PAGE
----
After the criticism, Russia attacked the UN

Russian diplomat Ilya Barmin condemned the “unprecedented bias and politicization” of the Office of the UN High Commissioner for Human Rights (OHCHR).

Addressing the UN Human Rights Council in Geneva, Barmin said the interim high commissioner for human rights had mentioned Russia in Monday’s statement, “ignoring massive human rights violations in Europe, the United States and other countries of the collective West.”

Moscow withdrew from the Council after the UN General Assembly passed a resolution in April suspending its membership of the Human Rights Council following the invasion of Ukraine.

However, Moscow has retained its observer status, so it has the right to respond to criticism leveled at it on Monday.

Mr. Barmin said that the OHCHR “continues to persistently ignore” evidence “of crimes committed by the Kyiv regime,” as well as “atrocities by Ukrainian fighters and foreign mercenaries.”

In addition, “the OHCHR turns a blind eye to neo-Nazism in Ukraine, the ban on the activities of opposition parties and movements, the arrests and torture of opposition members, human rights defenders and public figures in Ukraine,” he asserted, repeating the Kremlin’s claim that Russian forces in Ukraine are fighting neo-Nazis.

I. Barminas also resented that the institution did not condemn “many cases” when Western-supplied weapons fired at civilian infrastructure and residents in the eastern Donbass region and Zaporizhia nuclear power plant.

The territory of Europe’s largest nuclear facility has been shelled in recent weeks. With Ukraine and Russia blaming each other for the attacks, there have been fears of another nuclear disaster similar to the 1986 tragedy at Chernobyl.

The OHCHR “did not condemn the Western provision of lethal weapons to Ukraine. This clearly calls into question the impartiality of the OHCHR”, added I. Barminas.

Acting UN High Commissioner for Human Rights Nada al-Nashif on Monday condemned Russian authorities’ persecution of people speaking out against the war in Ukraine, warning that such actions violate basic freedoms.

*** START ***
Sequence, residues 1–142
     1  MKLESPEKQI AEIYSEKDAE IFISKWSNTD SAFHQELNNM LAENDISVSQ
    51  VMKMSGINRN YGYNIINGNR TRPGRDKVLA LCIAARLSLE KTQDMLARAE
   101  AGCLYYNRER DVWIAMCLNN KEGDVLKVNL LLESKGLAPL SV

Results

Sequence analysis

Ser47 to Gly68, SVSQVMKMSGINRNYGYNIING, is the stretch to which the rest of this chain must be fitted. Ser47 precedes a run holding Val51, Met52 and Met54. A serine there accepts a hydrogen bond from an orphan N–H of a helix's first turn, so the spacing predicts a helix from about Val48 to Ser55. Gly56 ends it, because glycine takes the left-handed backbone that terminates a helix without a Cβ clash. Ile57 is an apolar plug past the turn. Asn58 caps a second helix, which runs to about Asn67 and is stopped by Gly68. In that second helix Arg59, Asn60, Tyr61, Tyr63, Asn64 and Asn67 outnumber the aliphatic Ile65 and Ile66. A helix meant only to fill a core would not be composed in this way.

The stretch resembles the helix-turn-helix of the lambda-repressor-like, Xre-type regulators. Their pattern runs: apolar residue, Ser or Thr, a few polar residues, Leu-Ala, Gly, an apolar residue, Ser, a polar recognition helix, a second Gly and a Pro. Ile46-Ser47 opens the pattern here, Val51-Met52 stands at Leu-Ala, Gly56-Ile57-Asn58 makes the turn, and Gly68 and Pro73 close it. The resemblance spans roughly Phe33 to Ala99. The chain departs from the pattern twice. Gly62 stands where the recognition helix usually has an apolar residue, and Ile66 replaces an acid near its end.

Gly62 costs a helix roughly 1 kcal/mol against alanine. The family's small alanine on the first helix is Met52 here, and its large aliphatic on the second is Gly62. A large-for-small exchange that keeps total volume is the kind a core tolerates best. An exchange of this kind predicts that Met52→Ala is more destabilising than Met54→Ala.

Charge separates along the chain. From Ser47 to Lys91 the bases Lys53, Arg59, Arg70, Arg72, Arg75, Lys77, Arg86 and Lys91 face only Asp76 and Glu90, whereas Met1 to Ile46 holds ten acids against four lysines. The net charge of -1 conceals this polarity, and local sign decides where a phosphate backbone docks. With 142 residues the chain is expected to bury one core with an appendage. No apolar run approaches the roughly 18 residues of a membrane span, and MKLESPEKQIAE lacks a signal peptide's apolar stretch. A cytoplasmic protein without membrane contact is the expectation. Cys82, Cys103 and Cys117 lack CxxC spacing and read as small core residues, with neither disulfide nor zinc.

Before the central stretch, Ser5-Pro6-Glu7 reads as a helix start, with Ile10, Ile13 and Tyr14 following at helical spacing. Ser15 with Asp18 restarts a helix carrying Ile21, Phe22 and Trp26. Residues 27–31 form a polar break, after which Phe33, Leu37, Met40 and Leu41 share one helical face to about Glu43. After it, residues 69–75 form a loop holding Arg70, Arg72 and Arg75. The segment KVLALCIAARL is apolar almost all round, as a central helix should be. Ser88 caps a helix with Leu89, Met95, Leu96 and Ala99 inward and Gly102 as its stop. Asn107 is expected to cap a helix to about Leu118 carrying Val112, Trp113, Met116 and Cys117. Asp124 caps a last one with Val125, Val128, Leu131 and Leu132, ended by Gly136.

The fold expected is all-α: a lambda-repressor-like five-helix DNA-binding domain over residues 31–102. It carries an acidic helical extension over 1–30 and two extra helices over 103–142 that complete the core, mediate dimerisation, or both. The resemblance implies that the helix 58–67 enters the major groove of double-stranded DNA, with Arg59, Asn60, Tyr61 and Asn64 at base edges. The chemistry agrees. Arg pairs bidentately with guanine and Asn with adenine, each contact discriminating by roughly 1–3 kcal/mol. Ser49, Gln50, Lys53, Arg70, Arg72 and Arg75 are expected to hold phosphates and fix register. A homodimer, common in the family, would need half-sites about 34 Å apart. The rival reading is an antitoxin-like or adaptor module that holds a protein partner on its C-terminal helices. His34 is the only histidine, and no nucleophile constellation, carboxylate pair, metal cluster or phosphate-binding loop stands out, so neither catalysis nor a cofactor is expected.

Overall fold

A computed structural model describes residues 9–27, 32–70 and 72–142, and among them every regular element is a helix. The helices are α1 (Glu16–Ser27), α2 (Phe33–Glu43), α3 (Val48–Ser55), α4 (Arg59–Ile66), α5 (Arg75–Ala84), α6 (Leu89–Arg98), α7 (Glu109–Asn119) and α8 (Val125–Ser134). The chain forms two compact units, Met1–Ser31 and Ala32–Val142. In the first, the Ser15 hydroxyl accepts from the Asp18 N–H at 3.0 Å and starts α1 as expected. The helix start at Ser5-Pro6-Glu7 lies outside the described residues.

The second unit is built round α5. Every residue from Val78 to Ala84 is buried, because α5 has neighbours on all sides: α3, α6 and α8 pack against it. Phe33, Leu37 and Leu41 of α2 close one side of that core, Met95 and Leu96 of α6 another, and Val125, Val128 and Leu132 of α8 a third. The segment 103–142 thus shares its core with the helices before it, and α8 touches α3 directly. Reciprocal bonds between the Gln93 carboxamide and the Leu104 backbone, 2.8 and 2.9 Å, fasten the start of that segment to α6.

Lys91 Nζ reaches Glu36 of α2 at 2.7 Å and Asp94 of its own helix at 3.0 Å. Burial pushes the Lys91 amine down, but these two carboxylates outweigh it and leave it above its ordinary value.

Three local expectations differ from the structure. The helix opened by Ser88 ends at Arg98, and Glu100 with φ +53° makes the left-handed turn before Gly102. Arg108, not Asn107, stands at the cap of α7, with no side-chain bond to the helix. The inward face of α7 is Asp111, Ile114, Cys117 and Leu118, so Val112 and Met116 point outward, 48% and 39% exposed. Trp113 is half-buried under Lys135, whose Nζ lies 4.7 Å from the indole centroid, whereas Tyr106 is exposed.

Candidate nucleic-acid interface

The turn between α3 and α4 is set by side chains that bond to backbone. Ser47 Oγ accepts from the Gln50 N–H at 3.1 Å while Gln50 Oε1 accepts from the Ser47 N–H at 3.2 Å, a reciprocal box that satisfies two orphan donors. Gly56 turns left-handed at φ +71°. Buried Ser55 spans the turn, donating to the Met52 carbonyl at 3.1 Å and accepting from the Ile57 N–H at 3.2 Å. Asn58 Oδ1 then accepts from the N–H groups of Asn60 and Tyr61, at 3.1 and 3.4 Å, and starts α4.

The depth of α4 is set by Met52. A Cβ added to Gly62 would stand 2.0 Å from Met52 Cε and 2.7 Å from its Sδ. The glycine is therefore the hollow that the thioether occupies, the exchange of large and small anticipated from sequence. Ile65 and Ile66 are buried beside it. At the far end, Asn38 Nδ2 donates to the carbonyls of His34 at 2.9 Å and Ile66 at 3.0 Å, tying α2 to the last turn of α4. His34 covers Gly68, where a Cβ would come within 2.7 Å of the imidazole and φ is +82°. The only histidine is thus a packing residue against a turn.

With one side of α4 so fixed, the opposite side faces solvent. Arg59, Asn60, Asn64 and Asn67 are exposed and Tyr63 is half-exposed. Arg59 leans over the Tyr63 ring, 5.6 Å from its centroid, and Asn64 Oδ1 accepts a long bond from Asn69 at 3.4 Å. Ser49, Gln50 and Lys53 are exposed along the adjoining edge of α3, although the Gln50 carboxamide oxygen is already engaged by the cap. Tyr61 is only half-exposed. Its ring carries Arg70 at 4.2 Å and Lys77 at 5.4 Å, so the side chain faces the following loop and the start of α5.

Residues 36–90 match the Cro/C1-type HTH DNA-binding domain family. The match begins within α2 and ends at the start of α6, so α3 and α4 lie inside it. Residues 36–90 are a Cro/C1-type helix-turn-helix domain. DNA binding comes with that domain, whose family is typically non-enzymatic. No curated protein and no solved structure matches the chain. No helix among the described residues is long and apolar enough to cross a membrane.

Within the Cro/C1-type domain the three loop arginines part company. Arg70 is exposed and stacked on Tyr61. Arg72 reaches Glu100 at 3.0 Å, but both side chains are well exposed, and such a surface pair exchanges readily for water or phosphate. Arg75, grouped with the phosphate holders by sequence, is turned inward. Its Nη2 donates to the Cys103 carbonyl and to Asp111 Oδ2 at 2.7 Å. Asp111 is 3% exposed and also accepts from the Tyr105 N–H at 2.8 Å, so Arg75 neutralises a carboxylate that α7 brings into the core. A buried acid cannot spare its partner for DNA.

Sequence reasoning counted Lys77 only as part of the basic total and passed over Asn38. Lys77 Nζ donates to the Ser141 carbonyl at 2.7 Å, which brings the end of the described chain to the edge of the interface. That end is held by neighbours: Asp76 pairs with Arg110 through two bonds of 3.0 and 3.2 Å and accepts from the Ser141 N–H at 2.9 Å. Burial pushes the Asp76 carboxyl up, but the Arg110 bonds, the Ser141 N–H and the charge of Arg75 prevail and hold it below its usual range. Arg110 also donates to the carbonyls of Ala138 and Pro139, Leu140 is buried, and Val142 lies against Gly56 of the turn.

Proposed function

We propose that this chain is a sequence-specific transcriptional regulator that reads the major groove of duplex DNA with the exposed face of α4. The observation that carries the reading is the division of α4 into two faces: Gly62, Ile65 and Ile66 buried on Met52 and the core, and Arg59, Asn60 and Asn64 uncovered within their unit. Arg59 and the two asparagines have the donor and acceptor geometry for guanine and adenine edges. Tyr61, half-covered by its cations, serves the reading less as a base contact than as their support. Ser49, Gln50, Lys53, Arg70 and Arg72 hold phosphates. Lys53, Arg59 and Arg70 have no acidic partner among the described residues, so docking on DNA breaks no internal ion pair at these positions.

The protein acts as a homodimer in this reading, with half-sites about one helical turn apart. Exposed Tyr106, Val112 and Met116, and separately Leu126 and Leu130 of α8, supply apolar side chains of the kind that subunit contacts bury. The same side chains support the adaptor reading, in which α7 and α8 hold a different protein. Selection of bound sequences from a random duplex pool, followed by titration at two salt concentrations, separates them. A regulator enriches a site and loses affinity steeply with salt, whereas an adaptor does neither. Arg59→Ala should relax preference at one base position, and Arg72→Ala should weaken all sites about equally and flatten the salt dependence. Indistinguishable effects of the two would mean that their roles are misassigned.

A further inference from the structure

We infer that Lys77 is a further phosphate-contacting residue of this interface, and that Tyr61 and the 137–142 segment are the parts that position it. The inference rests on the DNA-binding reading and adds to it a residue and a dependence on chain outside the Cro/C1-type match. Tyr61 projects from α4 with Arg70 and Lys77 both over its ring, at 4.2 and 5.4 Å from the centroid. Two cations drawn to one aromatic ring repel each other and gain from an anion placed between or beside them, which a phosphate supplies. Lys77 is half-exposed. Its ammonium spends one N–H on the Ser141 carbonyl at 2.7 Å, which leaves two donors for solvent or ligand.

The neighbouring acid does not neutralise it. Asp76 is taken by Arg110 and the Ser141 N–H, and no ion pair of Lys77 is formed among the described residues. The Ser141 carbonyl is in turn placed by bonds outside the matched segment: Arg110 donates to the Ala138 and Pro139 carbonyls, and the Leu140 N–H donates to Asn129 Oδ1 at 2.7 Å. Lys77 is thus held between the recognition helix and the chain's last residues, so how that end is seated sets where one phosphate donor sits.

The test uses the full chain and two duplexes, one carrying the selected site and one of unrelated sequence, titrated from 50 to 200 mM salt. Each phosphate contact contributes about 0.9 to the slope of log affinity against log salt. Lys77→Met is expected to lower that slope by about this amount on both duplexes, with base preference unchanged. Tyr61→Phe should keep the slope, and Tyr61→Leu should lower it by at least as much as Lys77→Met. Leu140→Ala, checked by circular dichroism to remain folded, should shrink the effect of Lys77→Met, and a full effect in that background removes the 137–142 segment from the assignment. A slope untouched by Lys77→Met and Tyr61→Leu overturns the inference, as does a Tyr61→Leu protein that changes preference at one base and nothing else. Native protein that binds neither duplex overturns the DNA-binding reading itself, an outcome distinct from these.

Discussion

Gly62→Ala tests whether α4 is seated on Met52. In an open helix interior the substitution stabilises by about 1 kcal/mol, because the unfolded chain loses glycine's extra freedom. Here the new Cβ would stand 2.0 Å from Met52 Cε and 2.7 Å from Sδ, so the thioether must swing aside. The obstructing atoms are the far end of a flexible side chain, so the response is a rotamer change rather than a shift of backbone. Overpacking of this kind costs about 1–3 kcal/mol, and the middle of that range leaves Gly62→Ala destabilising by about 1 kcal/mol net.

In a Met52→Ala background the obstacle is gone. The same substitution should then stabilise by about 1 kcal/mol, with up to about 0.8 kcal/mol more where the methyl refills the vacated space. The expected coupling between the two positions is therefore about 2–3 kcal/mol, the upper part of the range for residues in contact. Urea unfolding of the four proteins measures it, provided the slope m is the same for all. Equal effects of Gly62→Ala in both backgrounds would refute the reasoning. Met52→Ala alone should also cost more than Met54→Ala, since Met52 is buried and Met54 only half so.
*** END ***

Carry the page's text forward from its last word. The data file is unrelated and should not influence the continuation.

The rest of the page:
Speaking at the 51st session of the UN Human Rights Council, which will last until October 7, N. al-Nashif condemned the Russian authorities’ “persecution and restrictive measures and sanctions against people who express their opposition to the war in Ukraine.”

Such actions “violate basic freedoms guaranteed by the constitution, including the right to freedom of assembly, expression and association,” the official emphasized.

N. al-Nashif has been tasked with acting as UN High Commissioner for Human Rights until Volker Turk, appointed to succeed outgoing UN human rights chief Michelle Bachelet, takes over.

N. al-Nashif also condemned “pressure on journalists, blocking of Internet resources and other forms of censorship”.

According to her, these actions are “incompatible with media pluralism and violate the right to access information.”

Ukrainian Ambassador Yevhenia Filipenko thanked N. al-Nashif for his “comprehensive overview of global human rights” and accused Russia of “holding human rights hostage” in pursuit of its malicious goals.

Russia is also ready to “threaten a nuclear catastrophe, harm global food and energy security, violate economic rights, incite unrest using disinformation and other means” to achieve these goals, the diplomat added.

“Consolidated pressure on the aggressor state should be the only option for all of us,” said Mr. Filipenko.

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